Since ErisX Futures are licensed with the Commodity Futures Trading Commission CFTC, the company seems like an attractive solution for Fidelity’s institutional clients to securely access digital assets within a robust regulatory framework.

In other words, one of the largest brokerage firms in the U.S. is still looking for a legal opportunity to invest in a new asset type, crypto, and this is while the crisis is unfolding.

Bitwise Asset Management is after OTC

Now that Grayscale’s GBTC registered with the SEC hit 388.9 million of inflows in 1Q20, it’s interesting to turn eyes toward Bitwise Asset Management that, amid the Corona crisis, has trod in the steps of their competitor.

Bitwise, the crypto index provider and a crypto asset manager working with individuals, wealth managers, family offices, investment managers and institutions, runs a range of beta funds based on crypto and now has also dipped its toes into the world of OTC markets. 

In the note issued on March 27 and seen by Crowdfund Insider, Bitwise has informed investors that the company will be submitting a Form 211 with the Financial Industry Regulatory Authority (FINRA) in order to list Bitwise 10 Index Fund in OTCQX.

It’s worth noting that in October last year, before getting approval for their Bitcoin Trust, Grayscale Investments was also given regulatory clearance to list its crypto asset index fund, Digital Large Fund on OTCQX.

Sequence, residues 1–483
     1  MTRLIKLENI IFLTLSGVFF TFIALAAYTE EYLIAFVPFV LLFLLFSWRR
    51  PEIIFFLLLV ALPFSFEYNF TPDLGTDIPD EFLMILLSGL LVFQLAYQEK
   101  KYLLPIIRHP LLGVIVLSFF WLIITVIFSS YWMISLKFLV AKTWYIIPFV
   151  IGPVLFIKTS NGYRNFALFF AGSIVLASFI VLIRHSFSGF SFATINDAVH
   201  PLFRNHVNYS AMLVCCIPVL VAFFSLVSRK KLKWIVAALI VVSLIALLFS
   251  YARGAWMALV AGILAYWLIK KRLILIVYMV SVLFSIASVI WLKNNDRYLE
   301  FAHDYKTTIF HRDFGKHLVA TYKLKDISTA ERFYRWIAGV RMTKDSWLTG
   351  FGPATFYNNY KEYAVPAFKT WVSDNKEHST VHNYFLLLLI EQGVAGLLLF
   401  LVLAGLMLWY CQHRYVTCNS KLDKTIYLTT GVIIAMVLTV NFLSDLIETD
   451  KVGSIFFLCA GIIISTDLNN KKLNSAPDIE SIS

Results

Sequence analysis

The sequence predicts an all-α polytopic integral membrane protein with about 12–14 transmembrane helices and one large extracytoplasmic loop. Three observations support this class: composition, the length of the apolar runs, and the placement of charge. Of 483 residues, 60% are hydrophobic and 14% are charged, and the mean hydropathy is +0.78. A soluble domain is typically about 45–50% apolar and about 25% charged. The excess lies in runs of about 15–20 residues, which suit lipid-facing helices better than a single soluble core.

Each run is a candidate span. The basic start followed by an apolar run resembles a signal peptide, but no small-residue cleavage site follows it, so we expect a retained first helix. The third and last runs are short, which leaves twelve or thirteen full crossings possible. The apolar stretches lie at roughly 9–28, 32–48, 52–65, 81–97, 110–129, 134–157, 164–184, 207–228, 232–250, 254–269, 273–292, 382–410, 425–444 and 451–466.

It only makes sense to assume that because Bitwise follows the steps of their competitor, there is a very good chance that this year we will see their index and then maybe even an ETF-like product also approved by the SEC. 

According to Bitwise’s representatives, once the index is approved for OTC, the investors will be able to trade it on platforms offered by Charles Schwab or TD Ameritrade, both leading U.S. brokerage firms. 

That being said, while the SEC rejects their ETF proposals, Bitwise has tried different strategies and won’t give up on the attempt to strike when the iron is hot, which it is in the Corona times. 

That might mean that institutions still show interest in crypto but the lack of legislative vehicles is a significant disadvantage, so whoever gives them a chance to invest in digital money legally will reap the rewards, just like Grayscale did. This is what Bitwise understands and is trying to achieve, too. 

To sum up

So, will institutions put their money into crypto after the crisis is over or not? 

Based on the fact that this year Grayscale has nearly doubled the previous quarterly high, Fidelity connected to ErisX, a provider of a regulated crypto derivative, and Bitwise has tried  to provide a legislative vehicle to institutional investors One way or another, the Corona times look like a pesky slug on the path of institutions to their inevitable adopting of crypto. 

Thus, under the circumstances, the current turbulence in the financial markets might only push this trend forward. 

However, sceptics among world-class traders are in no hurry to change horses midstream. 

For example, Jim Simmons, the founder of the Renaissance Technologies, a hedge fund firm that manages $68 billion, says, “The underlying commodity for these futures transactions, bitcoin, is a relatively new and highly speculative asset. Bitcoin and futures based on bitcoin are extremely volatile, and investment results may vary substantially over time.” 

That said, although the crisis in the financial markets initiated by Corona virus might make institutional investors turn to alternatives, such as crypto, there are a lot of obstacles the new asset type has to overcome. Most significantly, it should win the trust of authorities and legislators in such a way that  COVID cannot impact.